What Valerie Wants

Barack Obama doesn't need Valerie Jarrett in the Senate. But if that's what she has her eye on, chances are his old seat is all hers.

Getty Images for Meet the Press

The news that Barack Obama's confidant and transition team co-chair, Valerie Jarrett, may be the president-elect's choice to replace him in the Senate tells you two things for certain:

1) How attractive a seat in the U. S. Senate is for anyone interested in political office.

2) How indebted Obama is to Jarrett for his success.

Obama has made a point of articulating his understanding that the choice of who replaces him is not his; it belongs to Illinois Gov. Rod Blagojevich—"This is the governor's decision. It is not my decision."—but who can doubt that the man elected to the seat (and, oh yeah, the most popular politician on the planet) would not have a say in who succeeds him?

The mere discussion of Jarrett as a possible successor has fueled talk that Mr. Change has quickly succumbed to Washington cronyism and old-style Chicago politics. That is grossly unfair, mostly to Jarrett, who is extraordinarily well-qualified for Obama's Senate seat and many other jobs. But Washington doesn't do fair. So let's get to the debate.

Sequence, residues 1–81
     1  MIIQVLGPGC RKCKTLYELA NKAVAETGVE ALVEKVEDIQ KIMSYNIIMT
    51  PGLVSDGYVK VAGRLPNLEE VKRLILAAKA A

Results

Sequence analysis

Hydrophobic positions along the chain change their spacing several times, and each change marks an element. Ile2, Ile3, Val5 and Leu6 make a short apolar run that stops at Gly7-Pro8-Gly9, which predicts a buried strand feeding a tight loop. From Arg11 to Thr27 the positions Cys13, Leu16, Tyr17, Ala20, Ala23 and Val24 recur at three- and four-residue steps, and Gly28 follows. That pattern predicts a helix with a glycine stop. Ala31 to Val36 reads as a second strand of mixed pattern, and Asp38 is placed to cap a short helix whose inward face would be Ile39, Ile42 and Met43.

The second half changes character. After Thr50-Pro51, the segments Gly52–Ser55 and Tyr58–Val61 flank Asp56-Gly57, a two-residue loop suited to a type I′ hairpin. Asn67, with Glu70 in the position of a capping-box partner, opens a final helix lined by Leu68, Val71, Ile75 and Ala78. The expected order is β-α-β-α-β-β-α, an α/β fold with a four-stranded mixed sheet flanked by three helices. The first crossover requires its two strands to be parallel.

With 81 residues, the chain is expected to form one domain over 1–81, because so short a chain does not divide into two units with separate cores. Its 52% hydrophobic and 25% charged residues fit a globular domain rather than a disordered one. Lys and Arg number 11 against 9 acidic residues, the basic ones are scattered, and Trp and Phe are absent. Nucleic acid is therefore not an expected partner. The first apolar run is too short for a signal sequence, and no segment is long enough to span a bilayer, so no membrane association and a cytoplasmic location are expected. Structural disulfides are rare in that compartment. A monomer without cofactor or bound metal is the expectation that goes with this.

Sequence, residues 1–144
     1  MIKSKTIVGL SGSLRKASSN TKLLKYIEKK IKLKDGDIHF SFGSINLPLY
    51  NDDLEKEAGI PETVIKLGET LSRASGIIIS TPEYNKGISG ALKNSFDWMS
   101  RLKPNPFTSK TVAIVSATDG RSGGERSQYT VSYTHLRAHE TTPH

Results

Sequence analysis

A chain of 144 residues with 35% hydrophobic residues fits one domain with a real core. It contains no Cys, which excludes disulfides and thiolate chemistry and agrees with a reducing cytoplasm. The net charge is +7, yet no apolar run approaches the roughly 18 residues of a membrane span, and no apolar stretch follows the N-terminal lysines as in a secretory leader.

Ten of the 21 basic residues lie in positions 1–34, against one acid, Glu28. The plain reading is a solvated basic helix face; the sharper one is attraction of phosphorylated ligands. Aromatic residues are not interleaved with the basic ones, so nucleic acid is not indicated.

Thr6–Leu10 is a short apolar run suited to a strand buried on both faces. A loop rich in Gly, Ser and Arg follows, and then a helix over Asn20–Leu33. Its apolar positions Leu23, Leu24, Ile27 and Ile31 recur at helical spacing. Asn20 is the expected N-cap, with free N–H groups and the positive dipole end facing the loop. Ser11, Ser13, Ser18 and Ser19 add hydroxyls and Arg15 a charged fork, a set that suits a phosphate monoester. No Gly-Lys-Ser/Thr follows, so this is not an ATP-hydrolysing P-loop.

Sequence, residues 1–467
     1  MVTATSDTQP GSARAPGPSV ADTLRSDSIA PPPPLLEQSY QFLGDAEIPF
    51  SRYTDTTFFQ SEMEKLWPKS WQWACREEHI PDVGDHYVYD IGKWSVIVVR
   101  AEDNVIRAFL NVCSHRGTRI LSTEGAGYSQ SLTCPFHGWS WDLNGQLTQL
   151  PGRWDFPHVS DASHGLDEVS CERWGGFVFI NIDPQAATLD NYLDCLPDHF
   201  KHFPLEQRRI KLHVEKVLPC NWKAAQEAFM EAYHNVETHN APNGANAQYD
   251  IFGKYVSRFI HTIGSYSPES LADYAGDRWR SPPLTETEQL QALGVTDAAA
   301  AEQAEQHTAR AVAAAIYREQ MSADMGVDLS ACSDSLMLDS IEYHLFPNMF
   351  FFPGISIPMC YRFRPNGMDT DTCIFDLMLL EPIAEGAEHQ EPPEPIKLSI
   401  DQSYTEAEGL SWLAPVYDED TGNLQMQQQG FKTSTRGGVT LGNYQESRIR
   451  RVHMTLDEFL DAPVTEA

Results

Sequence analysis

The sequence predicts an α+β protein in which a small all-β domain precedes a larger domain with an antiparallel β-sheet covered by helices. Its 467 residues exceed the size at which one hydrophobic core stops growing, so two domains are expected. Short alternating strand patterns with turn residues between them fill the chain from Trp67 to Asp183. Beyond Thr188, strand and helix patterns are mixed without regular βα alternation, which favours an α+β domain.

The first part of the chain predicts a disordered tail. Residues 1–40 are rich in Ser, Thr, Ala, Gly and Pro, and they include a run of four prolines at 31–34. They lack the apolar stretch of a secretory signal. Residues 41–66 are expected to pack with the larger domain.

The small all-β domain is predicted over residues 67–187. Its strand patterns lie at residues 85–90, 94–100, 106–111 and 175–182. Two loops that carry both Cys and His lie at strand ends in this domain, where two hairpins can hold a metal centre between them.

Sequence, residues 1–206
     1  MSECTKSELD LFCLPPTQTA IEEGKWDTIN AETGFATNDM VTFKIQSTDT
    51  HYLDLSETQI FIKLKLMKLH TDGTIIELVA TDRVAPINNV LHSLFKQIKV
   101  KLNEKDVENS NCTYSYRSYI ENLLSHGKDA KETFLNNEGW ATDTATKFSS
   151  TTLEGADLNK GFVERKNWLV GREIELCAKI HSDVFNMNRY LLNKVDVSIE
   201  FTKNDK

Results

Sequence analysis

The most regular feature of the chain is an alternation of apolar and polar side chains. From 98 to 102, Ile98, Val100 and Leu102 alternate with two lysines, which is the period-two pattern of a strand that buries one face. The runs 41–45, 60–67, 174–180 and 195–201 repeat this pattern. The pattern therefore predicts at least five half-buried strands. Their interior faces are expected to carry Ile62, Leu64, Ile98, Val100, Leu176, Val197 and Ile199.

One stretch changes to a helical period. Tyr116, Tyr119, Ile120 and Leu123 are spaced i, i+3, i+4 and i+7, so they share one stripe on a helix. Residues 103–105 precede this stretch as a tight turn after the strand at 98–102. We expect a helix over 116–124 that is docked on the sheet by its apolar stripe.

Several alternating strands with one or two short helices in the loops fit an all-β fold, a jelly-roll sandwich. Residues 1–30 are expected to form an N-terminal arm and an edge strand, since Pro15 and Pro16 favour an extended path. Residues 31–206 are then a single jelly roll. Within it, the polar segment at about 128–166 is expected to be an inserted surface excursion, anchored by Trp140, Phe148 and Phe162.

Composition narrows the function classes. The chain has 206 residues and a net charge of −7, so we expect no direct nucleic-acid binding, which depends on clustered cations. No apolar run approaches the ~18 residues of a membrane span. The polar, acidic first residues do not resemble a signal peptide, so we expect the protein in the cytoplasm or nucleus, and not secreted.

Just to get the qualifications issue out of the way: Jarrett graduated from Stanford and University of Michigan Law School. She was deputy corporation counsel for finance and development in the city administration of Harold Washington and deputy chief of staff for Mayor Richard M. Daley. For three years, she headed the city's Department of Planning and Development and later was chairman of the Chicago Transit Authority.

She was chairman of the board of the Chicago Stock Exchange and was a director of the Federal Reserve Bank of Chicago. These days, when she's not palling around with the soon-to-be most powerful person in the free world, she also heads Chicago's 2016 Olympic Committee.

Jarrett could have just about any job she wants in Obama's Washington, and if she wants to be a senator, it's probably what she'll get. Obama was the only African American in the Senate and appointing Jarrett would address that concern for the governor. But appointing Jarrett would also be a snub of sorts to Rep. Jesse Jackson Jr., who also has his eye on the seat.

It is probably in Obama's best political interest to keep Jarrett in the White House. She has been described as the other half of his brain. She'll be both an authority figure and completely loyal to him and his agenda, exactly the kind of surrogate he'll want wandering the halls of the West Wing.

But a seat in the U.S. Senate is a prize, a base of power in itself, and that is why the jockeying for it has been so intense.